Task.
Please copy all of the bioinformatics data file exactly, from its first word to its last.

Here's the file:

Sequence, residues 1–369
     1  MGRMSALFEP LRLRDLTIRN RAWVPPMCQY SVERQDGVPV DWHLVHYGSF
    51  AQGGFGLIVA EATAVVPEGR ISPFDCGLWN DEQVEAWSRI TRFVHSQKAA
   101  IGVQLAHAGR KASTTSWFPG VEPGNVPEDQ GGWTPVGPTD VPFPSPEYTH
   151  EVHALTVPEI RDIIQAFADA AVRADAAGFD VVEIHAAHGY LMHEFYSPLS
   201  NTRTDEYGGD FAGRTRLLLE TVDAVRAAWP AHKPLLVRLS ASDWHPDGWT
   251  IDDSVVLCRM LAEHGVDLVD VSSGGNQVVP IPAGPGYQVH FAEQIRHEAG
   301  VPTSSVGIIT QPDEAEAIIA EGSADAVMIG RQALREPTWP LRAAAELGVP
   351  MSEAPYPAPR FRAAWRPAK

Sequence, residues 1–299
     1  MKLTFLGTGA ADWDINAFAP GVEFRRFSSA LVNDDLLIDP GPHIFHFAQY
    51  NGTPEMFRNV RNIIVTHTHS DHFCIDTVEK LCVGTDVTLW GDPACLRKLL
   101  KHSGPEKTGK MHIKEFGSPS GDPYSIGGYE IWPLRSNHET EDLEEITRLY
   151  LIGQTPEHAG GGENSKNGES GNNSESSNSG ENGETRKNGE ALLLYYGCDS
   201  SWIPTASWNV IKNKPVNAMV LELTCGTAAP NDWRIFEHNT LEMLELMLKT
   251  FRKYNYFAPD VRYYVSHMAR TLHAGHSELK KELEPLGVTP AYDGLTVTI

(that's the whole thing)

Sequence, residues 1–369
     1  MGRMSALFEP LRLRDLTIRN RAWVPPMCQY SVERQDGVPV DWHLVHYGSF
    51  AQGGFGLIVA EATAVVPEGR ISPFDCGLWN DEQVEAWSRI TRFVHSQKAA
   101  IGVQLAHAGR KASTTSWFPG VEPGNVPEDQ GGWTPVGPTD VPFPSPEYTH
   151  EVHALTVPEI RDIIQAFADA AVRADAAGFD VVEIHAAHGY LMHEFYSPLS
   201  NTRTDEYGGD FAGRTRLLLE TVDAVRAAWP AHKPLLVRLS ASDWHPDGWT
   251  IDDSVVLCRM LAEHGVDLVD VSSGGNQVVP IPAGPGYQVH FAEQIRHEAG
   301  VPTSSVGIIT QPDEAEAIIA EGSADAVMIG RQALREPTWP LRAAAELGVP
   351  MSEAPYPAPR FRAAWRPAK

Sequence, residues 1–299
     1  MKLTFLGTGA ADWDINAFAP GVEFRRFSSA LVNDDLLIDP GPHIFHFAQY
    51  NGTPEMFRNV RNIIVTHTHS DHFCIDTVEK LCVGTDVTLW GDPACLRKLL
   101  KHSGPEKTGK MHIKEFGSPS GDPYSIGGYE IWPLRSNHET EDLEEITRLY
   151  LIGQTPEHAG GGENSKNGES GNNSESSNSG ENGETRKNGE ALLLYYGCDS
   201  SWIPTASWNV IKNKPVNAMV LELTCGTAAP NDWRIFEHNT LEMLELMLKT
   251  FRKYNYFAPD VRYYVSHMAR TLHAGHSELK KELEPLGVTP AYDGLTVTI